How you should start planning for your retirement

“You know that retirement is coming. It isn’t as though it just shows up one day and takes you by surprise, so you need to get ready for it.” – Warren Buffett

There is never a “good” time to start planning for our retirement. When it comes to retirement planning, many of us will wait until we earn more before we start to save more later. However, we have to account for the financial needs at different life stages, such as children’s education funds, thus, at a later stage; we may have other commitments that would hinder our planning for retirement.

One of the advantages of planning early is that you will have a longer time horizon and that means more time to grow your savings. If you have made investments, a long term horizon will also help to ride out short-term price fluctuations on your investments.

On the other hand, if you start late, you will have to work harder at growing your retirement savings. If you cannot afford to lose money, you should avoid investments that come with higher risks. You may even need to think of delaying retirement provided you remain employable.

In my newsletter to you, I will share the following:

  1. How you should start planning for your retirement
  2. 4 best places to keep your retirement savings in Singapore
  3. Stretching your retirement

How you should start planning for your retirement

  1. Determinate the retirement lifestyle you want

In doing so, you are able to work out the amount of money you will need when you retire to provide for your desired lifestyle.

  1. Assess your current situation

Work out how much money you can expect to have from your saving accounts, CPF savings, insurance policies and investment when you retire.

After accounting for your financial needs, calculate the different between the funds you expect to have at retirement and the amount you will need. Work out how much you need to start saving each month from today in order to make up for this shortfall.

  1. Get started on your retirement savings plan

Kick start a plan to help you save or invest on a regular basis. However, if you are new to investment, you must be aware of your risk appetite as well as your time horizon. It is important that you must take your time to choose and understand the products that suits you. A well-diversified portfolio will not just spread the risk for you, but at the same time balance the fluctuations of the values of the retirement portfolio.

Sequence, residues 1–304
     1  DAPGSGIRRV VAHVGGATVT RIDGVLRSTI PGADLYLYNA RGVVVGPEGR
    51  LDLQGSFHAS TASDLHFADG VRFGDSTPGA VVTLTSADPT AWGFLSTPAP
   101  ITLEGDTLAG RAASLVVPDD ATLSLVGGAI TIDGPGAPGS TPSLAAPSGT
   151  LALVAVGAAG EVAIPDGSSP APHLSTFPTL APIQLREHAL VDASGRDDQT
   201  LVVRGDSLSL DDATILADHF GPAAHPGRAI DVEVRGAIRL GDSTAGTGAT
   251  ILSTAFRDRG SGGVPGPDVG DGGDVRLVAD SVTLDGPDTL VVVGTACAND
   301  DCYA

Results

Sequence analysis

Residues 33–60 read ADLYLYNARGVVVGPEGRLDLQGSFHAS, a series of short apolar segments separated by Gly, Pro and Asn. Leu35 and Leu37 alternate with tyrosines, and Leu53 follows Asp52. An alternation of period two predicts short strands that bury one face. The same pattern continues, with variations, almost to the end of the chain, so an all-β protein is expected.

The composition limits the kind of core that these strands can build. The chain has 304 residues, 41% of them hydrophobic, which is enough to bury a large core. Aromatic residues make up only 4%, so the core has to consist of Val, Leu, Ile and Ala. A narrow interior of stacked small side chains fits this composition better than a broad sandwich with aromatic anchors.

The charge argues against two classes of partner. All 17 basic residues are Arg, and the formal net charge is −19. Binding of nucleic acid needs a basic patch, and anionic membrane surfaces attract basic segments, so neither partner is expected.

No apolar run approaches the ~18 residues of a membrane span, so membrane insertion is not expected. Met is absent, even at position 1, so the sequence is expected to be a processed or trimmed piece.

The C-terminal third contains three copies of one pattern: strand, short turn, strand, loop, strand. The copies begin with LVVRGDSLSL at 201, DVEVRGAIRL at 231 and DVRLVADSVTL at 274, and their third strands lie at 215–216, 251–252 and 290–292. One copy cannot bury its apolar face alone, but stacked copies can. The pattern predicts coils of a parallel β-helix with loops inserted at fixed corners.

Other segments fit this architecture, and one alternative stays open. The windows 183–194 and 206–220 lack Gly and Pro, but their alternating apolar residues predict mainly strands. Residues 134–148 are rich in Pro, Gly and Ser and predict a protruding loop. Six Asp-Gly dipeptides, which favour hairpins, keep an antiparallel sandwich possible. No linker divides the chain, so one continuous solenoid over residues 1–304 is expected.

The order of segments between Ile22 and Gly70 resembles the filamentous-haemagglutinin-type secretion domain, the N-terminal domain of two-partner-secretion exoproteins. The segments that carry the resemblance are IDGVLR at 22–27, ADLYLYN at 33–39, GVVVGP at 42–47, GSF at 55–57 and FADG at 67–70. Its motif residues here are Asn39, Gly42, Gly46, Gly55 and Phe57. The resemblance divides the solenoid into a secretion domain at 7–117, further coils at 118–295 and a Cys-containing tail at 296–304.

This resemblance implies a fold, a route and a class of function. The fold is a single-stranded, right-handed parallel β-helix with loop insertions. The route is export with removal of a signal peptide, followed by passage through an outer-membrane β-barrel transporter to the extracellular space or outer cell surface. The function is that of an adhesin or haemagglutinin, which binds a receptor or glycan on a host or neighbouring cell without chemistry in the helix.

4 best places to keep your retirement savings in Singapore

  1. Exchange Traded Funds (ETFs)

In ETFs, your money is pooled with the money of other investors and invested according to the objective of the funds such as to replicates a specific index.

ETFs investment has capital gain when the price of the units rises above the price paid while some ETFs also pay dividends. It generally are for people looking for potentially higher returns and are able to take the risk of losing all or substantial part of their investment amount

  1. Insurance Policies

If you are unsure about managing your own portfolio, an alternative would be through your own insurer. When it comes to retirement planning, insurance policies such as endowment plans would be recommended as a way to start regular savings.

In addition, apart from saving for your retirement goals, endowment plans typically provides for insurance coverage such as death benefits.

  1. Work with a wealth manager

Emotions do get in the way of managing your own money. Thus, one of the alternatives is to engage a qualified wealth manager to help you to diversify your portfolio.

  1. Supplementary Retirement Scheme (SRS)

The SRS provides a tax relief tool on your income. When you start withdrawing after retirement, only 50% of the amount withdrawn is taxed.

What is stopping younger singaporeans?

According to the survey, retirement planning among the young is impeded by short and mid-term financial commitments and lack of knowledge about when and how to save.

  • 20% of the 25 to 35 year olds in Singapore listed saving for first property as their main priority
  • 14% of the 20 to 35 year olds in Singapore listed providing money for their daily needs as priority
  • Saving for retirement only becomes a priority for those more than 36 years of age


Stretching your retirement

During the retirement stage, planning doesn’t end there. It is important to manage your funds prudently as you maintain a healthy and active lifestyle. At that stage, a portion of your retirement income may depend on investment income while the other portion from your savings.

The need to keep track of your finances would mean that budgeting is a must to ensure sustainable living expenses. Here are some tips to reduce discretionary expenses:

  • Instead of high teas, invite your friends over for pot-luck
  • Make or bake gifts for your friends and family instead of buying expensive gifts
  • Make full use of concessions for seniors, when possible
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